While South Korea’s racism and discrimination against migrant workers and foreign brides are not a new phenomenon, some early policies adopted by the central and local governments to mitigate the impact of COVID-19 have once again revealed the country’s deep-seated xenophobia. This paper focuses on three government policies—mask rationing, universal disaster relief funds, and local government subsidies—adopted during the first wave of coronavirus (February–June 2020), when supplies were insufficient and the economy was most severely affected. This paper highlights the fact that government policies were based on nationality, which led to the exclusion of foreign nationals, even long-time tax-paying residents. Such institutional discrimination was blatant, considering the country’s decades-long discussion of multiculturalism. This paper goes on to point out that, as a society with a very low portion of naturalized citizens, discrimination against foreign nationals not only reflected South Korea’s perceived boundaries of in-groups and out-groups, but also demonstrated the lack of a legal basis that prohibits discriminatory practices.
"Social Ties, Quarantine Policy, and the Spread of COVID-19" (with Daniel Aldrich, Timothy Fraser, Courtney Page-Tan, and Toshiaki Yoshida) COVID-19 remains a major challenge for nations around the world. Our research uses quantitative methods to try to understand the role of mobility and social networks in COVID-19 related outcomes, especially behaviors such as social distancing, voluntarism, and altruism. Through a survey of more than 800 New York City and Boston residents we seek to correlate social infrastructure (trust, bonding, bridging, and linking ties) and decisions to stay at home (or continue with normal, pre-COVID-19 times) with changes in behavior while controlling for demographic, political, and other factors. While our data analysis is still preliminary, and we have only a few qualitative interviews with which to illuminate our quantitative findings, it is clear that networks, trust, and cohesion continue to have an impact during the ongoing pandemic.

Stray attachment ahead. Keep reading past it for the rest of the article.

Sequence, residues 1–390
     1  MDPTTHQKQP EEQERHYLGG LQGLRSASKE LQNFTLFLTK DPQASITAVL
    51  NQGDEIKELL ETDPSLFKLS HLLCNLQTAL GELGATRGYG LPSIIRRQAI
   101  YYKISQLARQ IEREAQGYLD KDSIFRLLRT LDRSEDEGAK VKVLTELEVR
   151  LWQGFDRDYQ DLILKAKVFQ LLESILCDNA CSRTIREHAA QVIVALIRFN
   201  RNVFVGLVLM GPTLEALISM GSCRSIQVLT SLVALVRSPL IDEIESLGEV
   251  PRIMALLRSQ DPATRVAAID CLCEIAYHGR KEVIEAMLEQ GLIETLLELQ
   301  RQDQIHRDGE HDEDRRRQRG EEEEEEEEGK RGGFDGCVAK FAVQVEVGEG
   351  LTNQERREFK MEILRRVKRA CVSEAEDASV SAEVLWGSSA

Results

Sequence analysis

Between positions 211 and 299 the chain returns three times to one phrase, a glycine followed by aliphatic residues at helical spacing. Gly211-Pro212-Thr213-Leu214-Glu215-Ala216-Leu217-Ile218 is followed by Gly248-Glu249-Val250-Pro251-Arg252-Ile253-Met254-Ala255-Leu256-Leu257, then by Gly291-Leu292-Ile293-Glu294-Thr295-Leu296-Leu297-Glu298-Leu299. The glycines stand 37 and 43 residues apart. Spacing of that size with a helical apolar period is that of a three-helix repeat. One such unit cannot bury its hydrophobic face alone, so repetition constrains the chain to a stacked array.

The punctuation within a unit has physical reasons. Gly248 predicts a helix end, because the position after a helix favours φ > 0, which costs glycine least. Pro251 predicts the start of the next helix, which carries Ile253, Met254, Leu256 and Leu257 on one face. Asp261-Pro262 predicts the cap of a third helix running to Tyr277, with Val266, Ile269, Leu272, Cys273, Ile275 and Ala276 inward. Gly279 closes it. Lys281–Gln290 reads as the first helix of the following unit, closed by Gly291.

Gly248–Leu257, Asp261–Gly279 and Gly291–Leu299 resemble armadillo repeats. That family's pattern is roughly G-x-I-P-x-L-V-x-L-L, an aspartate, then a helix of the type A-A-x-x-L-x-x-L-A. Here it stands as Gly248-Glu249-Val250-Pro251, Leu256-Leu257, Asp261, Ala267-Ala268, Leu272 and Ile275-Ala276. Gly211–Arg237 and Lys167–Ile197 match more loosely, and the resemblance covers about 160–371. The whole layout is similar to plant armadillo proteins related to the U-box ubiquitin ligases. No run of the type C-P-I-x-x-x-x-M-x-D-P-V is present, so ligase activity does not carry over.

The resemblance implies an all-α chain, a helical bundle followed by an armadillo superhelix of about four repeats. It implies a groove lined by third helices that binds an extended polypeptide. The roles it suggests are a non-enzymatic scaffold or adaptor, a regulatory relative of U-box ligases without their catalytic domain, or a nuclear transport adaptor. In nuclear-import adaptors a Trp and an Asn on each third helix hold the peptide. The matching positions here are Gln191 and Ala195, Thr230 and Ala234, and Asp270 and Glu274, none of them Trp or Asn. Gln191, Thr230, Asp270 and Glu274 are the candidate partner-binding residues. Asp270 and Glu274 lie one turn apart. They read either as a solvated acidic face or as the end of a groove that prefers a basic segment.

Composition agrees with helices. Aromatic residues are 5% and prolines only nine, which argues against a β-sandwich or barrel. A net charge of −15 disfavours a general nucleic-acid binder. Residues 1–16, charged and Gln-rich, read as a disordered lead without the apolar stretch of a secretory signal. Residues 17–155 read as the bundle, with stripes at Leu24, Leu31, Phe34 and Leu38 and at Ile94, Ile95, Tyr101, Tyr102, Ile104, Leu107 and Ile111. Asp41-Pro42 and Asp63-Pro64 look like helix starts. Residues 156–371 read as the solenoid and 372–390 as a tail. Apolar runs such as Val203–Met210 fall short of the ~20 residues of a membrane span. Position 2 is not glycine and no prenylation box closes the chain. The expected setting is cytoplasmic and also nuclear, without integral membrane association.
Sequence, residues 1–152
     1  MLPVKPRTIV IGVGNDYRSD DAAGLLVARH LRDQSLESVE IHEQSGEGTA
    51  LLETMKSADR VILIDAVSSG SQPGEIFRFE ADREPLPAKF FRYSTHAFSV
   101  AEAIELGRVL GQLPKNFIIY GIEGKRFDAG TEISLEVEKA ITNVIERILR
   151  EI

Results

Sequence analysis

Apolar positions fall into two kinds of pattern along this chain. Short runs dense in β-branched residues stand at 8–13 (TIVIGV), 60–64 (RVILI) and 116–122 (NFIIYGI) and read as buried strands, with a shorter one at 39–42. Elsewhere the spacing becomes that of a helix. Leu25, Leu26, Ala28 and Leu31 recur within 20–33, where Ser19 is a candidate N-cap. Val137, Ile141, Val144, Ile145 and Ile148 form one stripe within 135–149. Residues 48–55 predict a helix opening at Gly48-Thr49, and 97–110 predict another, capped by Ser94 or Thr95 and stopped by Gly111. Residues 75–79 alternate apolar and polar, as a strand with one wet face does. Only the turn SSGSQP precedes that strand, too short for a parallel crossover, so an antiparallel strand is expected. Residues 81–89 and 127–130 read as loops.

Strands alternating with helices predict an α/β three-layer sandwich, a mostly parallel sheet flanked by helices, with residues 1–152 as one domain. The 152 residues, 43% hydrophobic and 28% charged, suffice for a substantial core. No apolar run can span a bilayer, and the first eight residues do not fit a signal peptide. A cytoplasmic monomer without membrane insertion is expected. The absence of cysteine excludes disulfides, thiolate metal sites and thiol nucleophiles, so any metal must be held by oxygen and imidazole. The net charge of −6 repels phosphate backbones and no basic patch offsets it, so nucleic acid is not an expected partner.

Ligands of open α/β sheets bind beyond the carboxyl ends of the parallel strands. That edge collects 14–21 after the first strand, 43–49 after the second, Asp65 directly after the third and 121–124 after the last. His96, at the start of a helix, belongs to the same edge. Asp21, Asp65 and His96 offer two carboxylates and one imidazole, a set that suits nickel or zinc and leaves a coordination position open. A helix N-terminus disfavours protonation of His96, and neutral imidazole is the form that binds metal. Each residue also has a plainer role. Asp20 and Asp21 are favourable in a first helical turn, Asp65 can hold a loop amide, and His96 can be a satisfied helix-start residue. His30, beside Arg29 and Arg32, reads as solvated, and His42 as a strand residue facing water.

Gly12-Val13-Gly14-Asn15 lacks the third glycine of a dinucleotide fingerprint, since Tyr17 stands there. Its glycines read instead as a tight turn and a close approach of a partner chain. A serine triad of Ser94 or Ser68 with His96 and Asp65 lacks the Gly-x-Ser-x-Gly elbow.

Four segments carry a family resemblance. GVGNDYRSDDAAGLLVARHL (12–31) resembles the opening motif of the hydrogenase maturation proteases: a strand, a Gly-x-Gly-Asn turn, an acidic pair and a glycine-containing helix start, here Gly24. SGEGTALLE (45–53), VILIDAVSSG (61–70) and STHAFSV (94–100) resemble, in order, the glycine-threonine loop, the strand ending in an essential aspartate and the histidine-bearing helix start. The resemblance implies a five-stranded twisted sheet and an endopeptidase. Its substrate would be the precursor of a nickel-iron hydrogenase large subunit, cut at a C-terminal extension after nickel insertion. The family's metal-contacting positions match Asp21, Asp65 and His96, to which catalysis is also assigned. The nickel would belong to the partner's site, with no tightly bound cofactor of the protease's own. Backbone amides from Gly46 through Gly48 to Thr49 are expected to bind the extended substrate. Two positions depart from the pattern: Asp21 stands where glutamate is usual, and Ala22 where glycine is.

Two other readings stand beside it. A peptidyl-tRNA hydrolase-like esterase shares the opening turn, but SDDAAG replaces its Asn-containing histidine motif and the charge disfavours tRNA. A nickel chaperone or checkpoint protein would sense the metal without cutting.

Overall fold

"Municipal-level determinants of suicide rates in South Korea: Exploring the role of social capital and local government policies" Suicide is a major public health concern in South Korea. While more and more studies have examined factors associated with suicidal behavior in South Korea, most have focused on either individual- or national-level determinants, ignoring variations in suicide rates across South Korean localities. This study investigates social and economic factors influencing suicide rates in 231 South Korean cities, counties, and districts from 2010 to 2015. Among these factors, the study primarily focuses on the role of social capital, as measured by the number of social organizations that have proven to be useful in solving public health problems. Moreover, in searching for policy implications at the municipal level, the study also tests the effect of municipalities’ governmental welfare spending, poverty rates, and income levels on suicide rates. The results of a panel data analysis indicate that the number of social organizations did not have a significant effect on suicide rates; however, among six types of social organizations, social/recreational organizations showed a strong negative impact on suicide rates, suggesting that not all social organizations equally created social capital that addresses community health problems. Moreover, both poverty and income are two strong predictors of municipal-level suicide rates, and municipal governments’ welfare spending significantly reduced suicide rates only in rural areas. Finally, number of social/recreational organizations, poverty rates, income levels, depression, and living in rural areas affected suicide rates among male populations, and poverty rates, income levels, alcohol use, and living in urban areas affected suicide rates among female populations.